Accidents happen to even the best of drivers. When accidents involve uninsured drivers, though, even a minor fender bender can become a major headache. Given the number of uninsured or underinsured motorists on the road, chances are good you’ll at some point find yourself involved in a collision with someone who fails to carry enough coverage to adequately cover the cost of damages. In most situations, the at-fault driver is responsible for paying for damages. In crashes where the at-fault driver was not insured, things get a little more complicated. While it’s easy to panic in such situations, there are options.
12 of the fifty states are considered no-fault, meaning every driver must fend for themselves when it comes to accident damage, regardless of whose caused the collision. In tort or at-fault states, the driver responsible for the crash is liable for damages. In such states, your insurance coverage will help determine whether you’ll be footing the cost of repairs and medical bills stemming from your crash.
Like with any other kind of car accident, checking for injuries should be the first thing that’s done in a collision with an uninsured driver. Move vehicles out of the way of traffic if it is safe to do so and call the police to report the accident. Even without insurance coverage, exchanging information with the other driver involved is important.Get their full name, phone number, home address and their license plate information. You’ll need this information to confirm they do not have insurance and that the accident qualifies you for uninsured motorist coverage – if you have it.
Many states require uninsured or underinsured motorist coverage on top of your standard car insurance. It provides the insurance coverage that the at-fault driver should have carried. Unfortunately, however, filing an uninsured motorist accident claim puts you in somewhat of an adversarial relationship with your own insurance company. Though marketed as organizations that are helpful in times of need, insurance companies primarily exist to turn a profit. They will look for any reason not to pay out a claim.
Many people do not have uninsured motorist coverage. In such cases, you’ll have to file a claim against your own collision coverage. To do so, you’ll need to gather all the evidence you can that the at-fault driver does not have insurance. The more proof you have, the quicker your claim will be handled. While repairs to your vehicle are likely, your insurance company will be less willing to cover other costs associated with the collision. In accidents with uninsured drivers or uninsured motorist coverage, your car insurance company won’t be reimbursing for any medical costs stemming from the crash.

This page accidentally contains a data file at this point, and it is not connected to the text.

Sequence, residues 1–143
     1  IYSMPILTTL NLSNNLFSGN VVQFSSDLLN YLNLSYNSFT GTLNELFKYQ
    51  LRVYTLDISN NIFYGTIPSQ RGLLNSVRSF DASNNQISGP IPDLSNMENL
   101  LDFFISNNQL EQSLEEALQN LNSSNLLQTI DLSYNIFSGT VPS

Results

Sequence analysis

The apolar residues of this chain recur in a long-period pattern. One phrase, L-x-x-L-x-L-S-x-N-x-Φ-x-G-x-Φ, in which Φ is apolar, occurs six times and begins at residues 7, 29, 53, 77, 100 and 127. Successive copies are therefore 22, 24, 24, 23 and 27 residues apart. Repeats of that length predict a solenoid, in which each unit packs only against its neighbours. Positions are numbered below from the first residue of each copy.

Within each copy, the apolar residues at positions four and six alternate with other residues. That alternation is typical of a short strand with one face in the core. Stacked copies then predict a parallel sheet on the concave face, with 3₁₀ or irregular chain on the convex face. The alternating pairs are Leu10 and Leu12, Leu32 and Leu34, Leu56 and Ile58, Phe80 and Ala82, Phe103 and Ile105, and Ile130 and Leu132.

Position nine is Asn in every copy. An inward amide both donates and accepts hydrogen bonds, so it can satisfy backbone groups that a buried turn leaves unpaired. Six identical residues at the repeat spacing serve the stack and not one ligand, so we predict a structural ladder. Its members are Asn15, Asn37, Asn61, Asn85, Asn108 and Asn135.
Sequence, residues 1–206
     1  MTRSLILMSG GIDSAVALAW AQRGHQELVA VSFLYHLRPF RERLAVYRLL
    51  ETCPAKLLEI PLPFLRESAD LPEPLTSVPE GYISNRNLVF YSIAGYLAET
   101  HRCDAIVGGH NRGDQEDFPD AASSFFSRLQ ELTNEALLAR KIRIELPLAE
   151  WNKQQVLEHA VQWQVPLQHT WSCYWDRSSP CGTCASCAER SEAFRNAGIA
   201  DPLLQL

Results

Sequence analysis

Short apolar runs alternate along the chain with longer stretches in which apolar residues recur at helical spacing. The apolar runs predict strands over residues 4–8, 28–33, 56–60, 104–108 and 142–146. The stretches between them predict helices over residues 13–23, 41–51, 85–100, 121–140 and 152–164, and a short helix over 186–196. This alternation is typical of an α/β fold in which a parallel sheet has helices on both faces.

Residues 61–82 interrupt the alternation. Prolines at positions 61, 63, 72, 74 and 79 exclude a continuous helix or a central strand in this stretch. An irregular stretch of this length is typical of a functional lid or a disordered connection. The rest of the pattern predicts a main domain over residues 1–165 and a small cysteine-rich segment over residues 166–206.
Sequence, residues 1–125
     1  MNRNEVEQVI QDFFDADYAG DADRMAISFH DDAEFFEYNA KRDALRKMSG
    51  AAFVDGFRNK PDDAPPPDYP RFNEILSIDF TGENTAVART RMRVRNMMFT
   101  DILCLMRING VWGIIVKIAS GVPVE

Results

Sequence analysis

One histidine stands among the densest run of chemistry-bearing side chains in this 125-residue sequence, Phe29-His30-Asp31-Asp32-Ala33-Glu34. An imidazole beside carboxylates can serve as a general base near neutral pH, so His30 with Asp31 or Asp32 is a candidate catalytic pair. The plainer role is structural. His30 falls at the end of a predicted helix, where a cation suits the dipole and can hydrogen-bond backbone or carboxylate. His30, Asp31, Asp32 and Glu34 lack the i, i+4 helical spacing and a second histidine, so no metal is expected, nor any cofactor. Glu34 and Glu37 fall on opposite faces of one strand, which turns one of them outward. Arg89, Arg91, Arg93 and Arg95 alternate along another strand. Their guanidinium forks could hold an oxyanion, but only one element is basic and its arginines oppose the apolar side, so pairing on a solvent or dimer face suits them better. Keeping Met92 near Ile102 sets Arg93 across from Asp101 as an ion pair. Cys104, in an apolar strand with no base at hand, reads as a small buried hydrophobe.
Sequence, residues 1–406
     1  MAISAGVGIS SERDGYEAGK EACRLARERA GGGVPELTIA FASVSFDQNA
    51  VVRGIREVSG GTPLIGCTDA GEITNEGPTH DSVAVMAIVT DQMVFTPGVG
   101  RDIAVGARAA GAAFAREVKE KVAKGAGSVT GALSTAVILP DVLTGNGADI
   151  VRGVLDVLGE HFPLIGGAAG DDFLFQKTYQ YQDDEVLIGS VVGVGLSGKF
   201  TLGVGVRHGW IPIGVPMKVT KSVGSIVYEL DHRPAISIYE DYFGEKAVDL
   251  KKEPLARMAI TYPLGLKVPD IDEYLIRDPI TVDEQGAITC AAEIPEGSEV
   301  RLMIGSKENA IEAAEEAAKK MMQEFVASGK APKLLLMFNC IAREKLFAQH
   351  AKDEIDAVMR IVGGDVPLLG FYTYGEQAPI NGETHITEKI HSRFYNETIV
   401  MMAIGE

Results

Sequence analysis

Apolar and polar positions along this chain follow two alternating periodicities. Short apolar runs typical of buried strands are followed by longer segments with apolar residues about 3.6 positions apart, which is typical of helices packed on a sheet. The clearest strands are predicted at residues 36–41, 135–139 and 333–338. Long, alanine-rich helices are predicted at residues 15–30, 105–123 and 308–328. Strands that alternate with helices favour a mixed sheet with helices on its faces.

Filing a Lawsuit
Many people are eager to make the uninsured driver pay for the damage they have caused, even if they lack the coverage to do so. Even if you win in court, though, collecting won’t be easy. People who fail to carry car insurance are not likely to have the money to pay for the damage they cause in a collision. They rarely possess any valuable assets worth seizing to put towards your damages. Even if you take a person back to court to require the defendant to pay you, courts will recognize that you cannot get blood from a stone.
In some cases, however, the court may decide to offer up a payment plan option. While this may be initially satisfying, chances are good that the defendant will struggle to make payments and possibly even stop paying altogether. In such situations, you and your lawyer will have to go back to court yet again to try and compel the person to pay what they owe. It can take many years, if ever, to see reimbursement for your damages.
Proactive Ways to Protect Yourself
Every driver should carry insurance, but knowing how many do not can help inform your own choices about coverage. In a perfect world, you would opt into uninsured and underinsured driver insurance coverage long before ever getting involved in an accident. Though more expensive, this coverage will pay dividends if and when you end up in such a collision.
In some cases, though, hindsight is twenty-twenty. If you have been involved in a crash with an uninsured driver, talking with a car accident attorney can provide you with the insight you need to take your next steps. Lawsuit Info Center can connect you with local personal injury lawyers well-versed in the statutes surrounding car accidents in your area. While not every crash with an uninsured driver should result in a lawsuit, an attorney can offer you advice and legal options for getting your damages covered. Call (877) 810-4067 for your free case review today.